10. Basement moisture. Check for signs of dampness, not just on the walls, but near things like dehumidifiers, which suck water out of the air.


Where to buy: Top 10 Cities

General Angela Calla 10 Aug

Where to buy: Top 10 cities

Jesse Kinos-Goodin, Financial Post · Sunday, Aug. 8, 2010

When investing in real estate, sometimes it’s necessary to look beyond your own backyard. The Real Estate Investment Network (REIN), a national organization of investors, has compiled what it says are the top 10 Canadian cities in which to invest. Few are major cities and some are surprising. Don Campbell, president of REIN, as well as one of the researchers on the study, says the results are based on factors such as planned transportation improvements, or if the area’s average income, population growth and job growth are increasing faster than the provincial average.

Oddly enough, nothing east of Ontario shows up on the list, and while Mr. Campbell says cities like Halifax, Saint John and Moncton “still provide decent returns,” the top cities are ones that will outperform the national average between 2010 and 2015.

1. Calgary

Calgary is “poised to outperform the average by a wide margin,” says Mr. Campbell, making it the top-ranked city.

After two years of declining average resale housing prices, the Canada Mortgage and Housing Corp. has predicted they will increase year-over-year in 2010.

The REIN report credits the downturn to a much-needed correction, and that it was “economically impossible for the [Calgary] market to continue at the pace at which it was heading.” But now that it is coming out of the recession, along with economies elsewhere, Calgary’s strengths in producing food, fuel and fertilizer will boost its growth.

“Calgary is in a unique economic and geographic position to take advantage of the direct and indirect jobs this increase in demand will create,” says Mr. Campbell, who adds that with strong in-migration and renewed affordability, the city provides a good buying window for long-term investors.

2. Kitchener-Waterloo-Cambridge, Ont.

REIN refers to Canada’s Technology Triangle as the “economic Alberta of Ontario.” That means KWC is not only seen as the economic engine of the new Ontario economy, but also that it “will outperform all other major regions in eastern Canada,” Mr. Campbell says. For indicators, he points to job growth, student growth and a new light rapid-transit system.

3. Edmonton

Edmonton sits near the top of the report’s list because of its future potential. Calling it a “perennial overachieving market,” REIN says the city is a “growing market, [with] an increasing population, and a forward-looking leadership.”

It will also be the main benefactor of energy development in Western Canada, says Mr. Campbell, resulting in a “very affordable, strong rental market with strong in-migration from across Canada.” Major infrastructure improvements, such as the ring road and LRT expansion, will be key.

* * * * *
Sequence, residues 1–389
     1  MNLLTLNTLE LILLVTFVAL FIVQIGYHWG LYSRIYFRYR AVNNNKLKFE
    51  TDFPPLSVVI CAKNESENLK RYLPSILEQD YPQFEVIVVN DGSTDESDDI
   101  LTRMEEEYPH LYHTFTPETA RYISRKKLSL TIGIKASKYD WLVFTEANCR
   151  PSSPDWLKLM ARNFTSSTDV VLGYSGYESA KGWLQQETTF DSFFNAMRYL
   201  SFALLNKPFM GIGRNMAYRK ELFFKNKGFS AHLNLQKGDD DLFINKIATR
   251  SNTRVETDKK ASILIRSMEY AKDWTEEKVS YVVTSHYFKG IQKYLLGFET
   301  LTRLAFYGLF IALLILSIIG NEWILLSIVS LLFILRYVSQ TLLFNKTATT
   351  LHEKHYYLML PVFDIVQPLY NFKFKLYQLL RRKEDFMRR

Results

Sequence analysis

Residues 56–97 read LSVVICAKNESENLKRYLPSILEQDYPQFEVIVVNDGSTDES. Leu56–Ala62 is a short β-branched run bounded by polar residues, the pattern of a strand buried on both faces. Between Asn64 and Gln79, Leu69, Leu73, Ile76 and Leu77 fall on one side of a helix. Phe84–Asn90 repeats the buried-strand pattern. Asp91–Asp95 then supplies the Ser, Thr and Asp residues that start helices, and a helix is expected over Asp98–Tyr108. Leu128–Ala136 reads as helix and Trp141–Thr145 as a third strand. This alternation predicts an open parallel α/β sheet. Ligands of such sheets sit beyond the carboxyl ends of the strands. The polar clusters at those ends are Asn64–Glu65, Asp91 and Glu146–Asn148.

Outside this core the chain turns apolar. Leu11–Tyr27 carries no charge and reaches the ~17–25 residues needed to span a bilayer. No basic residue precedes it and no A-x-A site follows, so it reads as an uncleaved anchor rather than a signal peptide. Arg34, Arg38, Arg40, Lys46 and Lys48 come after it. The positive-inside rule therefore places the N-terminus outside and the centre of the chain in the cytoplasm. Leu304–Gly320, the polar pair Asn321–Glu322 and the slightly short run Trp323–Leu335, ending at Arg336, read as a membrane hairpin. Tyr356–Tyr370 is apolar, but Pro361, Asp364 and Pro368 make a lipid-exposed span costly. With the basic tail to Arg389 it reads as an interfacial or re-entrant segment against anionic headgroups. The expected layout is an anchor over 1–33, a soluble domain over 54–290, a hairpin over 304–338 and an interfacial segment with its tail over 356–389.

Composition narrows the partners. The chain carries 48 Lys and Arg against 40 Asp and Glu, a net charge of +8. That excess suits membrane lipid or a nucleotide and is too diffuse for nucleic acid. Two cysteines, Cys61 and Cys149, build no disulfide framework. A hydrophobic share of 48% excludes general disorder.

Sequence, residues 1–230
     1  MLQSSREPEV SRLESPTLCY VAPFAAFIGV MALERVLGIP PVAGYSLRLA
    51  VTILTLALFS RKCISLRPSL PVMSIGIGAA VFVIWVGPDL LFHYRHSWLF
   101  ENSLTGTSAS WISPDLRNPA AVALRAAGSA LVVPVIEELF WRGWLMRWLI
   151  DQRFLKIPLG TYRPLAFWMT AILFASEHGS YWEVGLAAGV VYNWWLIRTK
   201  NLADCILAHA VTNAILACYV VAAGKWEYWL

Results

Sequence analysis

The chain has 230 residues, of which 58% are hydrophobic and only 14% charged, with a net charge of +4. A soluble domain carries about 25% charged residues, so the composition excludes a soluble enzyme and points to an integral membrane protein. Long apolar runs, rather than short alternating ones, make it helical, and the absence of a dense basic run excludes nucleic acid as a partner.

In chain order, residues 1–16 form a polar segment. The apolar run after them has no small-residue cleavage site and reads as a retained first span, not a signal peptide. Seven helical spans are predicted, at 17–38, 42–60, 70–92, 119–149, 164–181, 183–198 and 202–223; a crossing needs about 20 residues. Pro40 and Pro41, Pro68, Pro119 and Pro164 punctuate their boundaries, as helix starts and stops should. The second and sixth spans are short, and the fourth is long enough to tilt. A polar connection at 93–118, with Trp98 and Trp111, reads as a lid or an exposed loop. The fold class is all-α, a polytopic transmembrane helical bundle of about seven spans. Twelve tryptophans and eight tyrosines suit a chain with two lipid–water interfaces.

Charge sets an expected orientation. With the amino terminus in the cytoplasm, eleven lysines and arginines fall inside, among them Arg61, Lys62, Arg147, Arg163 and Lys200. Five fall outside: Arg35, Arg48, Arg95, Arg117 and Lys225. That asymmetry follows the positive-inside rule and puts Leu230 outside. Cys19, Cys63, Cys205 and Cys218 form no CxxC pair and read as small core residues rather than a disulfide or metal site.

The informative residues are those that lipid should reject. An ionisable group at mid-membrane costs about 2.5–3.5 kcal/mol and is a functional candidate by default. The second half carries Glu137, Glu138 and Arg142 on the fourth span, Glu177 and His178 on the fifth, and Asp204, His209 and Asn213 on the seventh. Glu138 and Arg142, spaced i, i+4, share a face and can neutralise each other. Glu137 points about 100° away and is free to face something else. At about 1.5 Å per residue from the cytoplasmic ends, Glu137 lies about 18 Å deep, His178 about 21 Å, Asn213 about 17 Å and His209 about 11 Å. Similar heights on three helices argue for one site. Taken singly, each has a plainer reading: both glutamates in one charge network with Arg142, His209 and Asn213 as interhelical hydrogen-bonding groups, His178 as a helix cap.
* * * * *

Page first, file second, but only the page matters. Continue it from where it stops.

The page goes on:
4. Surrey, B.C.

British Columbia’s second-largest city is growing so fast it could become even bigger than Vancouver.

“Just a decade ago, it was known as the punch line to many a joke,” Mr. Campbell says. But with two border crossings to the United States, links to five major highways, deep sea docks and four railways, Surrey is a prime location to do business, he says.

Although there may be a strong rental market, it’s a city that requires a closer examination, taking “neighbourhoods and even the street’s characteristics into consideration when deciding where to purchase,” REIN warns.

5. Maple Ridge & Pitt Meadows, B.C.

The Translink and Gateway Project infrastructure improvements have made these B.C. towns the “most accessible regions in [Vancouver’s] Lower Mainland,” the report says. They’ve come a long way, Mr. Campbell says. The unofficial motto of Maple Ridge used to be “You can’t get there from here.” As a result of poor infrastructure in the past, property values have been historically low in this area. But with the improvements, it’s predicted an additional 400 business will move into the area, REIN says, improving the demand for both residential and commercial property.

6. Hamilton, Ont.

“The perception no longer matches the reality of Hamilton,” Mr. Campbell says. “The city’s leadership, as well as local business owners, have transformed what was once a rough-and-tumble steel town to a city with economic vitality, diversification and population growth.” REIN applauds Hamilton’s leadership as being innovative in revitalizing the city, adding Hamilton

“has beaten its overall building permit value for the second year in a row.”

7. St. Albert, Alta.

“Long thought of as a satellite of Edmonton, St. Albert is poised to be the biggest benefactor of the new Edmonton Ring Road,” says Mr. Campbell, who adds that as the transportation access improvement is completed, the city will begin to experience “a flood of not only new residents, but also the relocation of companies and jobs into town.” Other attributes of the city include consistently low vacancy rates, high rents and strong property value increases. It also helps that the city has “turned itself into a major retail centre for the northern region while adding to its industrial and commercial job base,” REIN says.